Ugandan President Yoweri Museveni on Wednesday said that around 200 members of the ADF rebels affiliated with the Islamic State group were killed in Ugandan-led airstrikes in September in the Democratic Republic of Congo.
Originally mainly Muslim Ugandan rebels, Allied Democratic Forces (ADF) (have been active since the mid-1990s in eastern DRC, where they have killed thousands of civilians. In 2019, they pledged allegiance to ISIS, which now claims some of their actions and presents them as its “Central African province”.
“We carried out air attacks against terrorists in Congo,” President Yoweri Museveni declared on X (ex-Twitter), before asserting that “about 200 of them were killed” in strikes carried out on September 16.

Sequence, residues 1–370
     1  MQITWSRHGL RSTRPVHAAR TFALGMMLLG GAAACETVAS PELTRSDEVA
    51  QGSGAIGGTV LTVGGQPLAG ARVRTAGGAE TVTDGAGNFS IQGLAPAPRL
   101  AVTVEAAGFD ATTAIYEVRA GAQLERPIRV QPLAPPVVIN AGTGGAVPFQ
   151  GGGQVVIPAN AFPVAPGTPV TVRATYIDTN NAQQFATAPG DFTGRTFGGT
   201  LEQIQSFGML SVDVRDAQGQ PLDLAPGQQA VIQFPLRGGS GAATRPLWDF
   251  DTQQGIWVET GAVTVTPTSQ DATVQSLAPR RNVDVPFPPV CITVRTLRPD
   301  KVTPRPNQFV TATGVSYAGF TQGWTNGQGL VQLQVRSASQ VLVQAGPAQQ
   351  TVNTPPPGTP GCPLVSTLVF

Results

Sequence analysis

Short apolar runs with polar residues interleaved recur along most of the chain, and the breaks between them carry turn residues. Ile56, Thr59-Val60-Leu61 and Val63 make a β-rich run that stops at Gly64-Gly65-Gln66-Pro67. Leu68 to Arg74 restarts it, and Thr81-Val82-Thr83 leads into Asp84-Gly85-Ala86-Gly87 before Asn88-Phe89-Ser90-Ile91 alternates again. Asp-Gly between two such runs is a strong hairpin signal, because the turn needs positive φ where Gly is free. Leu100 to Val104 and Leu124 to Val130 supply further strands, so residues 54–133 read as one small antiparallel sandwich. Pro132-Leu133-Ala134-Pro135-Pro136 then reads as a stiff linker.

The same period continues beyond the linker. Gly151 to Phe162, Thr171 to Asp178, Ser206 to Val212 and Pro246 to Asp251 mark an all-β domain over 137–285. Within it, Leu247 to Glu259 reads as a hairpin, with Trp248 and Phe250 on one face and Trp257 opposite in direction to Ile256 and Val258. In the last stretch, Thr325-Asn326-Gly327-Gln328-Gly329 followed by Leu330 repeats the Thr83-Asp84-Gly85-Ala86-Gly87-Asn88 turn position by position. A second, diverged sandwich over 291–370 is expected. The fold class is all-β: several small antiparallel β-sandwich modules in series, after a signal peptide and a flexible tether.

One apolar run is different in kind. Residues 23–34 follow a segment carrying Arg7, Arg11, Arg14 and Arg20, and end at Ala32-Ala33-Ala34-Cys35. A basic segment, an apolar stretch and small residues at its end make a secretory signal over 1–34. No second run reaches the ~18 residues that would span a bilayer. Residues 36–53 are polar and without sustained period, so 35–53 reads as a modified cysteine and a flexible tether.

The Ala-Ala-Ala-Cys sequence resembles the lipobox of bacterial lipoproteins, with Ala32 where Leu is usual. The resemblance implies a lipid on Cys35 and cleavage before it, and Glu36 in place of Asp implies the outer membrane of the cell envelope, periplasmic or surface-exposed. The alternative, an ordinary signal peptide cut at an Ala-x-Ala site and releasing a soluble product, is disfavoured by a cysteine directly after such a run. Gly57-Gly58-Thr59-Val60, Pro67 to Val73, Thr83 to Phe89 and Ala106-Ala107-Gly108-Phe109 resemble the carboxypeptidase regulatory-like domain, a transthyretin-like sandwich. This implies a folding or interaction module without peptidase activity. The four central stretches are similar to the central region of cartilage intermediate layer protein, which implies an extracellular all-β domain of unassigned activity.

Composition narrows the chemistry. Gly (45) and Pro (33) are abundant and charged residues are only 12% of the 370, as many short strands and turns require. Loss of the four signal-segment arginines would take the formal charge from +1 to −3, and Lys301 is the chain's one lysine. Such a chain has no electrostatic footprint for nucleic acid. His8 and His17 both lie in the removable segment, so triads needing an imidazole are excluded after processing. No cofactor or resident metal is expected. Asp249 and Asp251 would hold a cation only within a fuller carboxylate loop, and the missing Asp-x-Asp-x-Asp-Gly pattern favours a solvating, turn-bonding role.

Since those in September, other strikes have been carried out, said Mr Museveni, without giving further details. Contacted by AFP, the spokesperson for the Ugandan army, Felix Kulayigye, clarified that the president was referring to the ADF rebels.
They are accused of having massacred thousands of civilians in the DRC in recent years and of carrying out jihadist attacks on Ugandan soil.
Uganda and the DRC launched a joint offensive in 2021 to drive the ADF from their Congolese strongholds, failing so far to end the group’s attacks.
The United States announced in early March that it was offering a reward of up to $5 million for any information likely to lead to their leader, a Ugandan in his forties named Musa Baluku.
In October, two tourists, a British man and a South African woman on their honeymoon, as well as their guide were killed in Queen Elizabeth Park (west), in an attack claimed by the Islamic State group. The leader of the ADF rebel group accused of the murders was arrested in early November by Kampala.
In June, 42 people, including 37 students, were killed at a high school in western Uganda in an attack attributed to them.